Go ahead and change the home/ to:

import { Component, ChangeDetectorRef } from '@angular/core';
import { Platform, AlertController } from '@ionic/angular';
import { InAppPurchase2, IAPProduct } from '@ionic-native/in-app-purchase-2/ngx';

const PRODUCT_GEMS_KEY = 'devgems100';
const PRODUCT_PRO_KEY = 'devpro';

  selector: 'app-home',
  templateUrl: '',
  styleUrls: [''],
export class HomePage {
  gems = 0;
  isPro = false;
  products: IAPProduct[] = [];

  constructor(private plt: Platform, private store: InAppPurchase2, private alertController: AlertController, private ref: ChangeDetectorRef) {
    this.plt.ready().then(() => {
      // Only for debugging! =;


      // Get the real product information => {
        this.products =;

  registerProducts() {{
      id: PRODUCT_PRO_KEY,

  setupListeners() {
    // General query to all products'product')
      .approved((p: IAPProduct) => {
        // Handle the product deliverable
        if ( === PRODUCT_PRO_KEY) {
          this.isPro = true;
        } else if ( === PRODUCT_GEMS_KEY) {
          this.gems += 100;

        return p.verify();
      .verified((p: IAPProduct) => p.finish());

    // Specific query for one ID IAPProduct) => {
      this.isPro = true;

  purchase(product: IAPProduct) { => {
      // Purchase in progress!
    }, e => {
      this.presentAlert('Failed', `Failed to purchase: ${e}`);

  // To comply with AppStore rules
  restore() {;

  async presentAlert(header, message) {
    const alert = await this.alertController.create({
      buttons: ['OK']

    await alert.present();


Now we should have an array of products and can display all information based on this - remember, these are our fetched products which contain exactly the price, description and everything we configured for our apps in the respective portals!

Quickly bring up your home/ and change it to:

  <ion-toolbar color="primary">
      Devdactic IAP

    <ion-item button *ngFor="let p of products" (click)="purchase(p)" detail="false">
      <ion-label class="ion-text-wrap">
        {{ p.title }}
        <p>{{ p.description }}</p>
      <ion-button slot="end">
        {{ p.price }} {{ p.currency }}

  <ion-button expand="full" (click)="restore()">Restore</ion-button>

    Gems: {{ gems }}
    Is Pro: {{ isPro }}

Now the app is ready, and you can already test everything on your iOS device. But let’s also take the final step for Android.

Android Release Build with Capacitor

There’s no built in Capacitor command to build an APK, but by using gradlew (the native Android tooling) it becomes pretty easy.

First of all you need a release key for your app. If you don’t already have one, simply create a new one by running:

keytool -genkey -v -keystore android-release.keystore -alias release -keyalg RSA -keysize 2048 -validity 10000

If you want an almost automatic build, you can now move that file to android/app/android-release.keystore and configure gradle so it picks up the file and signs your APK on the fly!

To do so, simply add the following lines to your android/


Make sure to use the password you used when creating your release key, and the alias will be “release” if you followed my method. Otherwise use your existing key and credentials!

Note: There are more secure ways to keep your signing credentials confident like reading from a file that you don’t commit to Git, but for now we can use this simple local approach.

Now we just need to tell the gradle build to use our signing config when the app is build, and to read the keystore file from the right path.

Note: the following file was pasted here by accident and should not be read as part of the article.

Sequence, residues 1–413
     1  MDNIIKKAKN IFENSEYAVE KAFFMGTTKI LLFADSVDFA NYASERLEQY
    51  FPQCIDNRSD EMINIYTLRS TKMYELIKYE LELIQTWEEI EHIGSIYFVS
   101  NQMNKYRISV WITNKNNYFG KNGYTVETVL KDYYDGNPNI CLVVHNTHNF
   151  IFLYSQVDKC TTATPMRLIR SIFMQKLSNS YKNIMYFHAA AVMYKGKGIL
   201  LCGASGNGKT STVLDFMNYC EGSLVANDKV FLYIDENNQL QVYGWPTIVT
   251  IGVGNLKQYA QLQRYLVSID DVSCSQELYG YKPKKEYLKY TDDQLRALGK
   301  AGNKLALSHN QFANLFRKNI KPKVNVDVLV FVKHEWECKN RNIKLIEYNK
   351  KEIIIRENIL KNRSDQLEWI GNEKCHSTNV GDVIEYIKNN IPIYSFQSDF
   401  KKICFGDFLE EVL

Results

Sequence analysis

All of this can be changed right inside the first part of the android/app/build.gradle:

android {
    signingConfigs {
        release {
            storeFile file(RELEASE_STORE_FILE)
            storePassword RELEASE_STORE_PASSWORD
            keyAlias RELEASE_KEY_ALIAS
            keyPassword RELEASE_KEY_PASSWORD

            // Optional, specify signing versions used
            v1SigningEnabled true
            v2SigningEnabled true

    compileSdkVersion rootProject.ext.compileSdkVersion
    defaultConfig {
        applicationId "com.devdactic.iap"
        minSdkVersion rootProject.ext.minSdkVersion
        targetSdkVersion rootProject.ext.targetSdkVersion
        versionCode 1
        versionName "1.0"
        testInstrumentationRunner "androidx.test.runner.AndroidJUnitRunner"
    buildTypes {
        release {
            minifyEnabled false
            proguardFiles getDefaultProguardFile('proguard-android.txt'), ''
            signingConfig signingConfigs.release

Note: Make sure to use your own bundle ID or exchange it after you copy this code! Also, if you want to upload a new build you can simply increase the versionCode in here!

That’s the beauty of Capacitor once again - we can tweak the native project build and commit these files, and the build will work exactly like this in the future without the fear that this code will be lost!

Finally we need to add the billing permission to the android/app/src/main/AndroidManifest.xml which usually the Cordova plugin automatically handles. Simply go ahead and add an entry at the bottom where you can also see the Capacitor default permissions:

<uses-permission android:name="" />

The final step is to build our APK, which we can do by navigating into the android folder and then simply running the gradle wrapper:

./gradlew assembleRelease

If everything works correctly you should find your signed APK at android/app/build/outputs/apk/release/app-release.apk!

Go ahead and upload this file in your Play console and move it to the alpha/beta track for testing, where you also add your test emails.

Important: If you are using a new app like I did, you need to wait until this build and the whole app is published. This doesn’t mean it’s live, but before this state, it’s still checked by Google and you won’t see any products in your app.



Configuring in app purchases isn’t too hard, while the testing can be tricky and confusing. Especially for Android you have to be patient until the app is approved and live, and you won’t be able to test anything before that point.

It made basically no difference to our app that we are using Capacitor, and we were even able to build a simple automatic release build by directly configuring our native projects!

You can also find more explanation while I talk about the whole process in the video below.